Prohibitive cost to Medicaid for hepatitis C medications and high prices of generic and off-patent drugs evaluated.
A recent summary of US Congressional and regulatory concerns published in the Journal of the American Medical Association addressed a number of drug pricing concerns.
The prohibitive cost to Medicaid for hepatitis C medications, high prices of generic and off-patent drugs, and the lack of a national policy to prevent infectious disease spread via air travel were among the specific areas are among the issues raised in the report.
Hepatitis C Drugs Top State Medicaid Pharmaceutical Expenditures
Sofosbuvir (Sovaldi) ranks among the top 5 expenditures for Medicaid programs in 33 states, according to data for 2014 released by the Senate Finance Committee. Sovaldi (Gilead Sciences) is used to treat hepatitis C virus (HCV).
Medicaid programs in 14 states spent more on Sovaldi than on any other drug, according to the new data. A course of treatment with Sovaldi costs $84,000 and Medicaid programs in those states were able to treat only 2.4% of approximately 700,000 enrollees infected with HCV.
Ten states indicated that the prohibitive cost of Sovaldi could have a negative impact on their overall budgets. As an example, the state of Washington indicated that the cost to treat all Medicaid patients infected with HCV would be 3 times the current state pharmacy budget.
Senate Committee Investigates Price Hikes for Off-Patent Drugs
Sudden price increases for drugs going off-patent have triggered a series of hearings by the Senate Special Committee on Aging. Prices began to increase in the past 5 to 10 years as mergers and acquisitions by manufacturers resulted in less price competition and increased shortages of generic drugs.
Additionally, many generic manufacturers are choosing not to enter certain drug markets. In one hearing, the committee was advised to investigate whether the decreasing numbers of generic drug companies are reducing competition by dividing the market among themselves.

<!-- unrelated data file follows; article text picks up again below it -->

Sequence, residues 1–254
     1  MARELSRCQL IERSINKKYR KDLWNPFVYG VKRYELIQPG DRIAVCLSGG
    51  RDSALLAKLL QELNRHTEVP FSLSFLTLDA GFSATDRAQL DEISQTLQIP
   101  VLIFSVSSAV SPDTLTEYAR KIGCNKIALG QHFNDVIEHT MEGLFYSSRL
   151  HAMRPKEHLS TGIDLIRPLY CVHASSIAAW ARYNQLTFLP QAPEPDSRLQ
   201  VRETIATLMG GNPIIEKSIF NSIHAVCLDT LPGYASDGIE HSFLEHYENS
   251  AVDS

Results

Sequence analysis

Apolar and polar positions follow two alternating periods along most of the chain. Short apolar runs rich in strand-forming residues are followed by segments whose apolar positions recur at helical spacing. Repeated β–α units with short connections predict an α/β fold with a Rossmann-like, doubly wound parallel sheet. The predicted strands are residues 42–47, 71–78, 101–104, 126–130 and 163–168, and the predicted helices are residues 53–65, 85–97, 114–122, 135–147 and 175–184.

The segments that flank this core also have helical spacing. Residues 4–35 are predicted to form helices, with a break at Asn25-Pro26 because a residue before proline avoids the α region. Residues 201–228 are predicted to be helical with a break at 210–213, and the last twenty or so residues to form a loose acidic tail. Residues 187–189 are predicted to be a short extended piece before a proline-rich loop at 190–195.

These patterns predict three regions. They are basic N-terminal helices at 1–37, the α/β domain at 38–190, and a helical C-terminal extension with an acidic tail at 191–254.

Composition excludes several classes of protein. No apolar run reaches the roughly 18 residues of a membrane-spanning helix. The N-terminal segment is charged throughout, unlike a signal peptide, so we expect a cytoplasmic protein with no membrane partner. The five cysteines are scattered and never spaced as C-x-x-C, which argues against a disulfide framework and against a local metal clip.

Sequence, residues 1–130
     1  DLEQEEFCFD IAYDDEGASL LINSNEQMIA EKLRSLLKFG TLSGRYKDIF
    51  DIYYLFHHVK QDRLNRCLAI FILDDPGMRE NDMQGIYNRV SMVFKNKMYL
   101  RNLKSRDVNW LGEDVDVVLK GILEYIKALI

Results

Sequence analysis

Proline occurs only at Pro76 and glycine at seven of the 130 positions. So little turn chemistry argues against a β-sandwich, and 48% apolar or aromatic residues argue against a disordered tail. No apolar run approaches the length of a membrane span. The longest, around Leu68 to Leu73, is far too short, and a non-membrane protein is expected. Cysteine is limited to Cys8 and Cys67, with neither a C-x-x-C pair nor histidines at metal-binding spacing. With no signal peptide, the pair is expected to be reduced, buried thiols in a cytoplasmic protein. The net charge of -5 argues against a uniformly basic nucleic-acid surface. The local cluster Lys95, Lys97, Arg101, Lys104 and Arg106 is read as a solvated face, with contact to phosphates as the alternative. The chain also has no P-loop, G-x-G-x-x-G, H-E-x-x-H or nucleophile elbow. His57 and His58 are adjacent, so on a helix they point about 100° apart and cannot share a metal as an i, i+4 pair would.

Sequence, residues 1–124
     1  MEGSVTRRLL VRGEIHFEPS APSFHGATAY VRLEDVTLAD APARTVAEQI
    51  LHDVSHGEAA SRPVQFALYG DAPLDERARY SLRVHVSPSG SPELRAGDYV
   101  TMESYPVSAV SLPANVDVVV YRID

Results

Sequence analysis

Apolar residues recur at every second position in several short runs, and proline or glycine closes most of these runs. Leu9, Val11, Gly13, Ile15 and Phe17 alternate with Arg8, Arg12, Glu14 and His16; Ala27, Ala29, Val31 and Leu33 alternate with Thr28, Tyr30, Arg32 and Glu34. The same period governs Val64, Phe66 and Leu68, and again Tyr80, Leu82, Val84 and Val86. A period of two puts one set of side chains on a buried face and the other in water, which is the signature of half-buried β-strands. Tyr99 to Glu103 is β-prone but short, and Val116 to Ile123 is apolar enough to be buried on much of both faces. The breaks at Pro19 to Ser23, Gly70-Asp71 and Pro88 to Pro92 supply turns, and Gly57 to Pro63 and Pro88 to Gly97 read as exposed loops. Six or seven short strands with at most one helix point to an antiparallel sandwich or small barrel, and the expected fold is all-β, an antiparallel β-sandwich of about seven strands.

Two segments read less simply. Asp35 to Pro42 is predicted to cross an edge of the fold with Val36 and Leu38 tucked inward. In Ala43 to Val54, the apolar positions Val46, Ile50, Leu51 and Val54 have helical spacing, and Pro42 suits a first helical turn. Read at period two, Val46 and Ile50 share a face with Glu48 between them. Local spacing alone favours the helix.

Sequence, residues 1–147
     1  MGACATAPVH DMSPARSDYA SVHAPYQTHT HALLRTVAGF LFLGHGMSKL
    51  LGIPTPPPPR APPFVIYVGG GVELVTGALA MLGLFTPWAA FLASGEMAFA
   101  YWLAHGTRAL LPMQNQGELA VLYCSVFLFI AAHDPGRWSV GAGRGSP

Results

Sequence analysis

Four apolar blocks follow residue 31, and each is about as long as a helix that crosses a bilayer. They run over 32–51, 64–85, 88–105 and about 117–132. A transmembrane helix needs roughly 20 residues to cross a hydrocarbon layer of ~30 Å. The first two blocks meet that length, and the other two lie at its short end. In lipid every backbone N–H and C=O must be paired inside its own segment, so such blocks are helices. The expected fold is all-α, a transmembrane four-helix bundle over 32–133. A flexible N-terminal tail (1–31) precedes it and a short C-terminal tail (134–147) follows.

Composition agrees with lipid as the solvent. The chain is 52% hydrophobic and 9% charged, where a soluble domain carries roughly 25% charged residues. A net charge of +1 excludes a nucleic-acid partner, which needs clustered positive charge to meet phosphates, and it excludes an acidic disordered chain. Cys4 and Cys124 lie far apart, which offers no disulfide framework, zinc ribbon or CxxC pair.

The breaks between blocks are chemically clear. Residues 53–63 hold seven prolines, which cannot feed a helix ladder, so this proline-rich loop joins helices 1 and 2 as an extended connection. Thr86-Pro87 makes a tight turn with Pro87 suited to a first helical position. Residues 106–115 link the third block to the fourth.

Congress Seeks FDA Documents About Generic Drug Approvals
Citing that “recent significant price increases for certain generic drugs…will make health care more expensive for patients,” the House Committee on Oversight and Government Reform has requested information from the FDA about that agency’s process for reviewing generic drugs.
The request was made to the acting commissioner of the FDA, Stephen Ostroff, PhD.
Nearly 86% of all prescriptions filled in the United States are for generic drugs, and their average cost is typically 80% to 85% lower than brand equivalents.
The letter also noted that the FDA, under the Generic Drug User Fee Amendments of 2012, would receive approximately $1.5 billion in industry fees over the next 5 years to speed the public’s access to generic drugs.
Plan Needed to Prevent Infectious Disease Spread via Air Travel
While nearly 300 billion people board airplanes each year, there is no comprehensive plan in the US to prevent and contain the spread of infectious diseases.
A recent report from the Government Accountability Office (GAO) concludes, “US airports and airlines are not required to have individual preparedness plans, and no federal agency tracks which airports and airlines have them.”
While the Department of Transportation and the CDC state that parts of a national plan already exist, the Federal Aviation Administration has reported that individual airport plans are not aimed at handling an epidemic, the GAO said.